A HUG, a loud kiss on each cheek (``Hummnn-uh! Hummnn-uh!'') -- flaring mustache, sweaty stubble, and all -- and you are initiated into Mario Boccabella's restaurant family. The greetings hello and goodbye, like wet pasta, leave an unmistakable imprint.
They are not, however, just displays of affectionate exuberance. Behind Mr. Boccabella's effusive manner operates a practical business philosophy.
Restaurant and food product audiences must be built. So must staffs. And the vital binding element is a spirit of community.
In a decade, Mario Boccabella and his brother, Alfredo, have built a modest sub shop in Newton Highlands -- a suburban corner of old Victorian homes west of Boston -- into a mini food conglomerate: two restaurants, an Italian deli, a bakery and espresso shop, and a fresh pasta factory. Through these outlets Mario tries to share his family's Abruzzese manner of cooking and eating with a wider community.
The base of the business is the family. Twelve members of the Boccabella family, which emigrated to the United States in the 1950s, live in the same house in nearby Needham. Two more houses are under construction on the riverfront property, to further populate the already well-stocked Boccabella compound.
Such proximity is not always easy. But the tensions of close living, taken advantage of, can offer an antidote to the isolation of the modern life style.
Cantin' Abruzzi, the larger of the two Boccabella restaurants, seats customers elbow to elbow. The doorway overflows into the street with waiting patrons.
When Cantin' first opened, Boccabella says, the customers did not feel comfortable with his Italian sense of space. To widen the aisles would have meant raising prices beyond what he thought the clientele -- mostly the regular folk in the neighborhood, young couples, seniors, singles -- could afford to pay. So to dispel the discomfort, he would hug his wife, Antoinette, and call out to the patrons to do the same, making a virtue of the tight quarters.
As suburban living styles have changed, Boccabella has had to adapt.
One challenge was the ``Shogun effect.'' When a spate of television series started to keep patrons home evenings, Boccabella fought back. He took out ads in the local papers and protested that people were getting selfish, hiding out at home and turning their backs on the world.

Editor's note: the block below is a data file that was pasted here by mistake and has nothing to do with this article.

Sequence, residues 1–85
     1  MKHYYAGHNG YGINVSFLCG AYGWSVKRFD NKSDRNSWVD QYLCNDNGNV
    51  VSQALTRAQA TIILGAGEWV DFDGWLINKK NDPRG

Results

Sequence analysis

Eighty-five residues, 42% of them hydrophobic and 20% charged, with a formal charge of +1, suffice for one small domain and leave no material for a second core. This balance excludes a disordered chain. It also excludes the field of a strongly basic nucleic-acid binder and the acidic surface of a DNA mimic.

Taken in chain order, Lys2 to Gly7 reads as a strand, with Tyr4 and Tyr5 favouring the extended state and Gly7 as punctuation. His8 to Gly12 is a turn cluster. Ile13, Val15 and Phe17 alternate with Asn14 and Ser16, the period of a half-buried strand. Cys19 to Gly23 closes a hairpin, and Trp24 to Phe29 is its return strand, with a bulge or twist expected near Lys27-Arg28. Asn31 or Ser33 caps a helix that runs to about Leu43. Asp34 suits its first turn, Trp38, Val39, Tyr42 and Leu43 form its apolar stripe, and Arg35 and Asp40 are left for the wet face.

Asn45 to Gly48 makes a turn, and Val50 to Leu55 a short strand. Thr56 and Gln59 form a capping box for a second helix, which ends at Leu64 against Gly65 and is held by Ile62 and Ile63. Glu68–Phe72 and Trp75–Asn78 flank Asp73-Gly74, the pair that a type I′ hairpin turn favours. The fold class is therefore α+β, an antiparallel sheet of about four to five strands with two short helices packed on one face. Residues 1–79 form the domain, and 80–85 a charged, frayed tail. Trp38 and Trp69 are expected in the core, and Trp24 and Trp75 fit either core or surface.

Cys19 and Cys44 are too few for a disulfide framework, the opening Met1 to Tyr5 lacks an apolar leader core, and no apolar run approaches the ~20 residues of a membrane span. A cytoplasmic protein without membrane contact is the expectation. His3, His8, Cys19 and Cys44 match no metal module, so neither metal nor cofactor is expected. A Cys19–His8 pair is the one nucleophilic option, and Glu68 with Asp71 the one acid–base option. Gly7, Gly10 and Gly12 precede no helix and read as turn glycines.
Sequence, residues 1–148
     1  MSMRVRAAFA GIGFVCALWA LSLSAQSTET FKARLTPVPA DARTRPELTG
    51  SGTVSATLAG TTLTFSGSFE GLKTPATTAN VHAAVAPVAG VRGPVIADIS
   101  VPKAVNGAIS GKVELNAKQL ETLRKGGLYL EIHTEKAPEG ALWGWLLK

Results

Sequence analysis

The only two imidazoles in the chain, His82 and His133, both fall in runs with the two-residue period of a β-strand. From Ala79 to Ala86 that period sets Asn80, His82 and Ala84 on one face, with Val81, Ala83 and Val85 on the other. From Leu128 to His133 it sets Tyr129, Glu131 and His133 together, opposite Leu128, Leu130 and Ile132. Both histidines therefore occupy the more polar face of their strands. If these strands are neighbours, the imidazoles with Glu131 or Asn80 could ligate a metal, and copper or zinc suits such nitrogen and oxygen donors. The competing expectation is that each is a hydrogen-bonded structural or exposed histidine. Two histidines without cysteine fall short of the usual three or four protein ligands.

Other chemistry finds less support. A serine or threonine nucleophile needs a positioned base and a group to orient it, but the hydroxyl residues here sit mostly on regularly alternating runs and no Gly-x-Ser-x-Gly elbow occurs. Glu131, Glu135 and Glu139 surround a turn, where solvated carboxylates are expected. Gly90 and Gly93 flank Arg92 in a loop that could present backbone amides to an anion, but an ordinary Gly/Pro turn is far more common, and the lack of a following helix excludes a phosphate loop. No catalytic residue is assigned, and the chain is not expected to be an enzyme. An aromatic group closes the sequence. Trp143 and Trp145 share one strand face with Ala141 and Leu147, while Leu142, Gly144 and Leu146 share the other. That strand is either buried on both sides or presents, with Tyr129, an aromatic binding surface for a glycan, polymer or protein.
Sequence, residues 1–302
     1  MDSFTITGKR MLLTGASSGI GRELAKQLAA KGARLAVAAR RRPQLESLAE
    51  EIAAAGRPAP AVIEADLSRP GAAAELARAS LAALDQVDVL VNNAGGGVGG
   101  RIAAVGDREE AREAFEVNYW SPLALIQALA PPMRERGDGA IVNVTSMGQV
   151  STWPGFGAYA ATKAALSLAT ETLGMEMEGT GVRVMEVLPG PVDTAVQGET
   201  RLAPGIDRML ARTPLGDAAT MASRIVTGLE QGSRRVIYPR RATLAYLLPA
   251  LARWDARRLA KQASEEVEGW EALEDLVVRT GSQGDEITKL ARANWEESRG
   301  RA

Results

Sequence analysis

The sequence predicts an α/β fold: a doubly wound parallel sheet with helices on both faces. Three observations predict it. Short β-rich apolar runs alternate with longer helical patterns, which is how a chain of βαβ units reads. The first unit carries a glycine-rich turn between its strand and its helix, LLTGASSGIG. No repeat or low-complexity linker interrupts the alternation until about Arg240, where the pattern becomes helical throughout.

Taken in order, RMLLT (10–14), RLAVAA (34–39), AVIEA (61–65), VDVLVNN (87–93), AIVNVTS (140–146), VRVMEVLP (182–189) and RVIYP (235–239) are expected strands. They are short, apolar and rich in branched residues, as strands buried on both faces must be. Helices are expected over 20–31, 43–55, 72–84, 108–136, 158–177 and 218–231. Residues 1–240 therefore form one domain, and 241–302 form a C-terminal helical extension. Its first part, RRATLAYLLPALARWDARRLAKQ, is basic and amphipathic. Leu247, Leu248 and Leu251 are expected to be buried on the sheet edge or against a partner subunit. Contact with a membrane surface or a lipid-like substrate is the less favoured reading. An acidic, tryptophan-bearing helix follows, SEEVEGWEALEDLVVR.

His customers got the point and his business flourished once again.
More recently, Boccabella observes, people have begun to gather at home around their ``entertainment centers.''
Many feel guilty about not cooking, he says, as if they're letting their children or spouses down. And they do not want to go out. So the developing market is for take-out dinners -- for which Boccabella is opening new outlets in Boston's western suburbs this summer.
At half the cost of eating in a restaurant, families can enjoy their dinners -- and videos -- at home.
Still, society seems headed in an antisocial direction, Boccabella says: ``It's like fighting a typhoon with a hose.''
So, he persists in reaching out. Once a year in August, Boccabella holds an anniversary party for his patrons and neighbors. The quiet community square becomes an Italian fiesta, as he feeds more than 2,000 for free. This year he hosted 5,000 runners from all over the world for the Boston Marathon -- serving the runners more than a ton of pasta, 250 gallons of sauce, several barrels of salad, 7,000 rolls, and a 450-pound cake.
``The rate of change is accelerating,'' Boccabella says of today's restless population, which perpetually wants something new to satisfy its appetite for change. ``The key is to go back to something as direct and simple as you can -- like cooking, for the family.''
Hence the hug and the two-cheek wet-pasta kiss. Cantin' Abruzzi recipes Poached Salmon With Zucchini and Fettuccine 4 salmon steaks, sliced 1 inch thick 2 tablespoons butter 1/2 medium-sized onion, sliced 3/4 pound combined zucchini and summer squash, in 1/4-inch slices Salt and pepper to taste Pinch tarragon (2 sprigs or 1 tablespoon minced fresh, or 1/2 teaspoon dried) 4 bay leaves Pinch parsley (1 sprig fresh) 4-ounce bottle clam juice, or enough to submerge salmon 2/3 of the way in skillet large enough to hold salmon.
Saut'e onion, zucchini, and summer squash in butter until soft and translucent. Remove vegetables to warm platter.
In same skillet add clam juice, salt and pepper to taste, bay leaves, and tarragon. Heat just to boiling, reduce to low heat, and add salmon steak.
Cover and simmer gently for 15 minutes.
Baste salmon every 5 minutes with poaching liquid.
Serve salmon with vegetables and some of the poaching juices over fresh cooked fettuccine or similar pasta. Clams Casino 8 littleneck clams, yielding 16 half shells 4 tablespoons olive oil 4 slices prosciutto, finely diced 1/2 cup onion, finely chopped 1/2 cup green pepper, finely chopped 1/2 cup sweet red pepper, finely chopped 1 clove garlic, minced 1/2 cup parsley leaves, finely chopped 1 cup plain dry bread crumbs (approx.) 4 tablespoons butter
Saut'e prosciutto, onion, peppers, and garlic in olive oil over moderate heat until soft, 3 to 5 minutes.
Add salt and pepper to taste. Add parsley and enough bread crumbs to soak up oil and result in fairly thick mixture.
Scrub clams; open over bowl to reserve clam juice, making certain that half of clam meat remains in each half shell.
Tightly pack the shells with breadcrumb mixture. Dot with butter. Spoon reserved clam juice over clams in baking dish and bake in 375 degree F. oven until clams begin to sizzle -- about 20 minutes.